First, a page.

A couple of housekeeping notes about making your book free so you don’t learn them the hard way like I had to. Currently the Kobo Writing Life dashboard doesn’t track free downloads, so if the download figure doesn’t change don’t be discouraged. I checked with them and that feature is coming in July 2013, so you don’t have long to wait. Kindle currently doesn’t allow you to make your book free (apart from the limited promotions in the KDP program). However, if they discover your book is free on other platforms, either through yourself or customers, they will make eventually make it free. There’s a link on each books Amazon page called ‘tell us about a lower price’ that is used for this purpose. This seemingly has to be done on a territory by territory basis. Note that I have heard it’s a pain to get them to charge for it again, but as I haven’t gone through that yet I can’t comment. You could also make a free PDF copy available to increase exposure, but if it isn’t properly secured it is easy to share and may restrict future sales if you decide to start charging again.

I hope that helped. I’d love to hear from other people that have tried free promotions, how did it go?


4 thoughts on “Indie Author Marketing – Free promotions

  1. Eyes Like Blue Fire is my first book and I’ve tried the free promotion for two days (on Mother’s Day and the following monday) with no results beyond a brief hike in the Amazon ranking. I’ve only sold 2 copies since then so I’m at a loss on what I can try. I started out with a $5 ebook cost, dropped it to $2.99 and then $1.99 where it is now. I’ve done lots of author interviews, a giveaway of the paperback version on Goodreads and some review copies as well. It came out in April and I’ve sold 15 copies thus far. I’ve heard this is great for a book in it’s first year but I can’t help but feel it’s not going anywhere. Should I take break from promotion and focus on the rest of my writing? One of the two books I’m working on is a sequel to ELBF.

    1. Hey Amanda,

      First of all congrats on 15 sales, that is a great result! I took a quick peek on Amazon and your reviews are all very positive which is a great start. I’m no expert, but if I had to guess I would say a big part of the challenge is that you are writing in a highly competitive genre. To stand out you should emphasize what makes your book different from the others. From the reviews it looks as if the style is more horror than ‘sparkly vampires’, you should play that up in your blurb. Try adding a quote from the book that demonstrates it’s not trying to be another Twilight and let people know what they are buying. You could maybe pull a couple of comments from your reviews into your blurb too, one that caught my eye was – “If you buy just one vampire book this year, it should be this one.”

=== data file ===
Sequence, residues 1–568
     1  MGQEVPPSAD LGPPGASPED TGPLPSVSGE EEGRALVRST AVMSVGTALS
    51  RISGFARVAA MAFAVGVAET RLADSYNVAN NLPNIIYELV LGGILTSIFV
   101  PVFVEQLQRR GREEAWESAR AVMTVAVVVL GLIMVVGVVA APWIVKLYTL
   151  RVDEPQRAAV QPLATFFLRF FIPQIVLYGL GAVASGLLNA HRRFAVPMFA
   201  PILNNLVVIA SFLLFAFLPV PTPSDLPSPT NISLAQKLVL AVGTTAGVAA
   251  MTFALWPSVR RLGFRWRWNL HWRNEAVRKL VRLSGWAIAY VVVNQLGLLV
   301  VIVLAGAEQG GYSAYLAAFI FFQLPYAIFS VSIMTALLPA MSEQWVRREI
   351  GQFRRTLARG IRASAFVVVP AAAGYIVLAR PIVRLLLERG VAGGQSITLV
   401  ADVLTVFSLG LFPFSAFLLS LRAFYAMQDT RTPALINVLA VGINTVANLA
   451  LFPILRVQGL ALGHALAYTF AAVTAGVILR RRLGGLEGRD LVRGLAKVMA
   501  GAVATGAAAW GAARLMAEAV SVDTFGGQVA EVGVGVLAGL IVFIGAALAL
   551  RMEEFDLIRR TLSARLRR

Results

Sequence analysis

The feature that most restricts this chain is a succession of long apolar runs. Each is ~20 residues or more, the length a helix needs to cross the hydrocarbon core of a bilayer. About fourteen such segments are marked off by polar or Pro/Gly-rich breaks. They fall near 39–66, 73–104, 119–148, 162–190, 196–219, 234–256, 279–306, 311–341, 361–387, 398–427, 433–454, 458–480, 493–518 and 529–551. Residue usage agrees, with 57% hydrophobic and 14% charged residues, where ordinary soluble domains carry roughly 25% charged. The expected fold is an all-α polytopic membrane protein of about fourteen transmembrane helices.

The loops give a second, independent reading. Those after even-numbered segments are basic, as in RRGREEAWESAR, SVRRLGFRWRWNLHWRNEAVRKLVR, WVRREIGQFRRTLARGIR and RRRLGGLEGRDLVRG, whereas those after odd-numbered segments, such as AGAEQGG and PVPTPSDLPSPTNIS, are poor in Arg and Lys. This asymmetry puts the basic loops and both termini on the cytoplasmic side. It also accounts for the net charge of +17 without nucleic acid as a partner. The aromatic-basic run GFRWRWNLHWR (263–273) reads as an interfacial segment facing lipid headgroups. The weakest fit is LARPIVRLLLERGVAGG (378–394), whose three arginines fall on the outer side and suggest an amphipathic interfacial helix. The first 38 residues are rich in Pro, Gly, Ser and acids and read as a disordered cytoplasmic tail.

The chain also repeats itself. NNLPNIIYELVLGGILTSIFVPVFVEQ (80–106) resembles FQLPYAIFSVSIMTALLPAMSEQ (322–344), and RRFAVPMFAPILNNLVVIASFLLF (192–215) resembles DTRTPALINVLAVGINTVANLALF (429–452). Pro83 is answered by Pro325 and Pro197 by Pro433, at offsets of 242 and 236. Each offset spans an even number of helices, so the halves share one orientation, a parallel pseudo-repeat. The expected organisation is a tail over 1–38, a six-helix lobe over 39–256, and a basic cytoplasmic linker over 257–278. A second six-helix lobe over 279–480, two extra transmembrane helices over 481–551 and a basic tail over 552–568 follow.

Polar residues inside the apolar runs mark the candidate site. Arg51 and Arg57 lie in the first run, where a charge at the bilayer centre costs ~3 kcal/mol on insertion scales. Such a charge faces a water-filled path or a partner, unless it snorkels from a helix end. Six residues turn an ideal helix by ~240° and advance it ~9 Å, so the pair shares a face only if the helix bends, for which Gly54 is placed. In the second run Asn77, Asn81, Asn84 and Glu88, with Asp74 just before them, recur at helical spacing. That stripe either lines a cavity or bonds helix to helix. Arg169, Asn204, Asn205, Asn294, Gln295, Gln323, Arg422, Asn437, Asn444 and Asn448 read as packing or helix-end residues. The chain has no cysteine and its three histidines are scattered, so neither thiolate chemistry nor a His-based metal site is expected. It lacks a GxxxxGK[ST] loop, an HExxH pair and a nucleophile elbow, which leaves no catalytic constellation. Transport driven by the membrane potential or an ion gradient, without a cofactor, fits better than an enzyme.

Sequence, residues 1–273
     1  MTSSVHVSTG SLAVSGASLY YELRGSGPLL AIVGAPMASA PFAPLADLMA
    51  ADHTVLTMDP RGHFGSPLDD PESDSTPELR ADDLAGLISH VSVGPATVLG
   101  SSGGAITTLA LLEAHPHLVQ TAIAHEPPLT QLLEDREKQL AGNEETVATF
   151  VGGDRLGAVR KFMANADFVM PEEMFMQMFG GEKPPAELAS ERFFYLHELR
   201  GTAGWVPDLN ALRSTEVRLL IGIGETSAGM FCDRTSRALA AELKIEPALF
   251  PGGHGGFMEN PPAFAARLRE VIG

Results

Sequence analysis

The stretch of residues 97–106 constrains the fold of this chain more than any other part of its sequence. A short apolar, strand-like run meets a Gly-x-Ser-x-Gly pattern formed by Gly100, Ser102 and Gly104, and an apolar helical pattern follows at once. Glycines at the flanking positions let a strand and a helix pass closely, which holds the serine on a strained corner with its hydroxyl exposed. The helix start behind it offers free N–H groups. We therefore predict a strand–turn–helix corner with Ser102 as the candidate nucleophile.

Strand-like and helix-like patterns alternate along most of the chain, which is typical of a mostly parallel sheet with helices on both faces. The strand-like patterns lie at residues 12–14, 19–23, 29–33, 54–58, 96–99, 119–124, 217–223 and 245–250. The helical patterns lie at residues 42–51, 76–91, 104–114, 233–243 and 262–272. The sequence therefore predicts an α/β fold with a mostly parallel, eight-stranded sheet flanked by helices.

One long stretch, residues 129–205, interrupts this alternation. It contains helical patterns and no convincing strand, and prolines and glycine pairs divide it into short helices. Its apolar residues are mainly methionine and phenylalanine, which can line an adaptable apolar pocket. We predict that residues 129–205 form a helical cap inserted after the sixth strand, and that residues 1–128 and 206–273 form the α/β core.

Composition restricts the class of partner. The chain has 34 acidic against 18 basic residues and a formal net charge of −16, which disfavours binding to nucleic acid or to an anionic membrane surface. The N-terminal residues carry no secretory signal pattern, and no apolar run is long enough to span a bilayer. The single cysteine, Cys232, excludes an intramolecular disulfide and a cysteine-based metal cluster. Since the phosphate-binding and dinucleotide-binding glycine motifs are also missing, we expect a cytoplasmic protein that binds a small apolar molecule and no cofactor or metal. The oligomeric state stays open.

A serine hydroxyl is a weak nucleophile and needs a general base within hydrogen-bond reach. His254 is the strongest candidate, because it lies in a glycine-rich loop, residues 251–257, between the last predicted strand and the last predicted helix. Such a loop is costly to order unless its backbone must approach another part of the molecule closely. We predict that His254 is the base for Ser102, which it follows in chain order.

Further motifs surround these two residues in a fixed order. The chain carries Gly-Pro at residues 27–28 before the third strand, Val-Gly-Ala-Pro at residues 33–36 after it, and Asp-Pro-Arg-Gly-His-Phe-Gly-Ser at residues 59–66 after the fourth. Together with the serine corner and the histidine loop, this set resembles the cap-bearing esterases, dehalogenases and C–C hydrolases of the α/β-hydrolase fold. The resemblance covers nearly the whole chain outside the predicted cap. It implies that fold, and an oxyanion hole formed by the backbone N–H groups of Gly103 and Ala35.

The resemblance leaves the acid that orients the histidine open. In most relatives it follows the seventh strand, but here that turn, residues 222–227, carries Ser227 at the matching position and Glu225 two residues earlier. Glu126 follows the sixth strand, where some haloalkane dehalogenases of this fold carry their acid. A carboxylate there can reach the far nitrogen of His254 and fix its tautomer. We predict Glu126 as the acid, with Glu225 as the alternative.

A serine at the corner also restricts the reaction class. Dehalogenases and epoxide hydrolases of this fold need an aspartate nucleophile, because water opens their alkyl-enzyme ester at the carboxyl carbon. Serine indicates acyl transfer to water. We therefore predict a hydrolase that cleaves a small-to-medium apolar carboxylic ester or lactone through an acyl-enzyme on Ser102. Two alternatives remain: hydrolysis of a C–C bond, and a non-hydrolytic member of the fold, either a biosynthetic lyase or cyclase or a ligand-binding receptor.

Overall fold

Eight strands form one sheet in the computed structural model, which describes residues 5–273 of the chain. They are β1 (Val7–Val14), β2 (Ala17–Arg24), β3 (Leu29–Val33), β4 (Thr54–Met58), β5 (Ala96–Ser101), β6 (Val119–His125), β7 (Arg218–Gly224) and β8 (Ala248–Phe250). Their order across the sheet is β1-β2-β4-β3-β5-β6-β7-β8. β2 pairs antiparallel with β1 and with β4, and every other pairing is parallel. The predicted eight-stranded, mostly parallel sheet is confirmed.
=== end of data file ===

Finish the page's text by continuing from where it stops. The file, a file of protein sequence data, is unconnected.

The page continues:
How close are you to finishing the sequel? If you’re getting pretty close I would personally focus on finishing it and then market the two together, you’ll get a better return on your marketing efforts if your fans can buy the sequel right after finishing the first one. If you continue to spend your time marketing ELBF at some point you’ll reach saturation and anything you do will have minimal impact on sales. If it feels like you are there then take a break, focus on your writing and let a few more reviews roll in, if people are enjoying your book the sales will come, it just takes an awfully long time!

      Hope that helps šŸ™‚

      1. I have been utilizing a scene that makes it very clear it’s horror and also put together some blurbs. I have a page dedicated to ELBF on my site that has all of these put together in a sort of press release format. Should I be trying to utilize some of those elements in my Amazon description?

        I’m at the midway point of the first draft. So it could be a bit before I can get it finished. It does feel like there’s not much I can do beyond author interviews at this point so I suppose I should focus on getting the second book completed and also the other novel which should expand my market (it’s straight up apocalyptic horror).

        Yes you’ve been very helpful šŸ™‚ It’s always good to know what you’re doing right too.